Sharks to assist youth baseball program

NSU’s baseball team plans to give back to the community by participating in a program called the West Pembroke Pines Miracle League on Sept. 25.

The Miracle League provides an opportunity for mentally or physically-challenged children, who would otherwise be unable to participate with their healthy peers, to play baseball.

The league started in the metropolitan Atlanta area in 1998 and has since grown into 275 organizations world-wide, including in Canada, Mexico, Puerto Rico and Australia. The Miracle League serves over 200,000 disabled young children and receives support from 22 Major League Baseball clubs, as well as several current and former players and coaches.

Athletic Director Mike Mominey started the partnership nine years ago when he was head coach. Mominey said he had the privilege to be involved in the early initiatives of the Miracle League alongside its founders.

“The program has grown and as of today, up to 50 young boys and girls participate in this wonderful baseball program,” he said.

Greg Brown continued the relationship with the league when he was named head coach five years ago and has maintained his role as facilitator ever since.

“We are all very proud to be associated with Miracle League and be able to share our game with the young boys and girls, who play with so much enthusiasm,” Brown said. “It is truly a night that we mark on our calendar every single year and look forward to.”

Starting third baseman Kavan Thompson, senior biology major, said he gets more out of the experience than he believes the children do.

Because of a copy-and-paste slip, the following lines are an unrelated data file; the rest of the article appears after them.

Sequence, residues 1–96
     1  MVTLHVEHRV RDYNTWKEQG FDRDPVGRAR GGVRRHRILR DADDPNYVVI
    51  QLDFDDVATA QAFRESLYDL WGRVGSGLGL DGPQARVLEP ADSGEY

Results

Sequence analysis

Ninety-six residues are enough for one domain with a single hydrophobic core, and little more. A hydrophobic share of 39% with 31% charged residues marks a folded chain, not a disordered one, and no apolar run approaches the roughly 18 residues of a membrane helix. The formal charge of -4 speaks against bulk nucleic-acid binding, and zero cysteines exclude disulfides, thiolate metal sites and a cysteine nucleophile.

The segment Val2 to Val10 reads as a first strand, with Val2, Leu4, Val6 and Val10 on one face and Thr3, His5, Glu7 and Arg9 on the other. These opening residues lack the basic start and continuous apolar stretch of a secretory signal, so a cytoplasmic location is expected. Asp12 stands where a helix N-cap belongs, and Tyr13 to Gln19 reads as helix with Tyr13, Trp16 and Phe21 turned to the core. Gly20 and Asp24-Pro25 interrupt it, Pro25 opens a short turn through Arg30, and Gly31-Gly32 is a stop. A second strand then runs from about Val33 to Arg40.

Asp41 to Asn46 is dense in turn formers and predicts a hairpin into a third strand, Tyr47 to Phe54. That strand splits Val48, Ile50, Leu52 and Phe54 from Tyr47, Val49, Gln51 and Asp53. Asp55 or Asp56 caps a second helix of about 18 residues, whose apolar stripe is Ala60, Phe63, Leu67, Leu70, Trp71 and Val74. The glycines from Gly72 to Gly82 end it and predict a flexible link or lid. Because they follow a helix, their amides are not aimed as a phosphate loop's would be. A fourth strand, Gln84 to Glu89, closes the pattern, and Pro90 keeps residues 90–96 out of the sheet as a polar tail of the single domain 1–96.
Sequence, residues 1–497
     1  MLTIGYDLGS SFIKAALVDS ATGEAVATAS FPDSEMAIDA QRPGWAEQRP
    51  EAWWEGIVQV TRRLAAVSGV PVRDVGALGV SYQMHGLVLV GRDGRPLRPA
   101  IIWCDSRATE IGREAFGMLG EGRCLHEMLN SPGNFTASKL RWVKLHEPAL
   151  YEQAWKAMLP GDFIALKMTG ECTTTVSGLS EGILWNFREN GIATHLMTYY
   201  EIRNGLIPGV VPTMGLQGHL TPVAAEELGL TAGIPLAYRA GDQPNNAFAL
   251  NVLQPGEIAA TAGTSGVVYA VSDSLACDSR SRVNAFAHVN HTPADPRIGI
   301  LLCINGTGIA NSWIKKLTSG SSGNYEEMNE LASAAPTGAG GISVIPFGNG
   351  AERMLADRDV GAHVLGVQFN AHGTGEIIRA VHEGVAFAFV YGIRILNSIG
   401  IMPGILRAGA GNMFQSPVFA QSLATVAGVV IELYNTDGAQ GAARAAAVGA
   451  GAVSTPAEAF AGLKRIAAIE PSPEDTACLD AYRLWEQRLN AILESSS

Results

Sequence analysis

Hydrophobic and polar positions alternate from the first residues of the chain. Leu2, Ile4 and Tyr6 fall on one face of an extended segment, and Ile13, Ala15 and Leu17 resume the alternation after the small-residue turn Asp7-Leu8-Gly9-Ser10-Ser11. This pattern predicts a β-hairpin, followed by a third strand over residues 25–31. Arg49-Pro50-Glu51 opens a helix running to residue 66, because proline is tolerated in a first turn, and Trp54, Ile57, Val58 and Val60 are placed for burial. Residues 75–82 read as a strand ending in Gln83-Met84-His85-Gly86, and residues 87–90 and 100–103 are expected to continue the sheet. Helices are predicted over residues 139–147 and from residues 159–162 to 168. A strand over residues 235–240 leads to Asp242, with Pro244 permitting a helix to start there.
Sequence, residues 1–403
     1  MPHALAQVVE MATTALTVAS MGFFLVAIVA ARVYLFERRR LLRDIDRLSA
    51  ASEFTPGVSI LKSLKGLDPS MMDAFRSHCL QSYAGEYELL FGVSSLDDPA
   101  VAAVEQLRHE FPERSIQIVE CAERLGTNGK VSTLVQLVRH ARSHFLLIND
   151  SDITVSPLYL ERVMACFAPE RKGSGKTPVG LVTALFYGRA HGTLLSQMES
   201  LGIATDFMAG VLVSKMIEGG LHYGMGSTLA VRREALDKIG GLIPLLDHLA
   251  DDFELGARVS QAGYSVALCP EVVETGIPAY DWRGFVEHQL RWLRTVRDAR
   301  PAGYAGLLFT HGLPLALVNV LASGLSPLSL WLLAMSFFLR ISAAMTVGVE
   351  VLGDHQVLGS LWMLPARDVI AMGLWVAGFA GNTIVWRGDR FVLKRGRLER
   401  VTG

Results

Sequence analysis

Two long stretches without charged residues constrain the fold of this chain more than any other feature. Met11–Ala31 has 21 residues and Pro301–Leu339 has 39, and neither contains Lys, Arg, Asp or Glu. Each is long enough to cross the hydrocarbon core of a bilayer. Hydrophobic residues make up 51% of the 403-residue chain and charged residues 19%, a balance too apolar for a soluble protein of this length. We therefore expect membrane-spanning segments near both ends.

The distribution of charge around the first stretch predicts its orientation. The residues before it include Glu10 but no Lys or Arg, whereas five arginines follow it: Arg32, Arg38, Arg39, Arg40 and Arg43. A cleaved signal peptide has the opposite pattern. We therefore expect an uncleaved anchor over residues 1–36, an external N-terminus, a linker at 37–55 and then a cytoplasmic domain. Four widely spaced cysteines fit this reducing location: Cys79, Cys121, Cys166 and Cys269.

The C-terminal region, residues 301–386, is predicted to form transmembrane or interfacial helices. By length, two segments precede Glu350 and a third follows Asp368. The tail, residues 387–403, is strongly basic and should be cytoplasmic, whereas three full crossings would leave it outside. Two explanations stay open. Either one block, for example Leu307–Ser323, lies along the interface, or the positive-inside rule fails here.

“It’s just really rewarding to see all the kids play baseball,” he said. “They truly enjoy playing, and seeing them smile makes me appreciate the game a lot more.”

Though this will be the first Miracle League experience for freshman pitcher Anthony DiFede, computer engineering major, he has been involved with the program since he was on the Bobcats baseball team at West Broward High School, which is located only a mile from the league’s home field.

DiFede, who is friends with one of the players, said that it’s a great chance for them to not worry about their disabilities and to feel completely supported.

“When the kids are out on the field, they’re laughing the whole time,” DiFede said. “It’s nice to see that. The only thing they’re thinking about is having fun.”

One of Thompson’s favorite aspects is maintaining friendships with the kids they help year after year.

“It’s a great feeling getting to go back every year. Seeing the same faces and having a long relationship with these ball players is a great experience,” he said. “I’m looking forward to going back after graduation to keep the relationships we’ve made.”

Volunteer service hours for the Miracle League are also available to the public. To find more information about Miracle League, visit wppomiracleleague.com.

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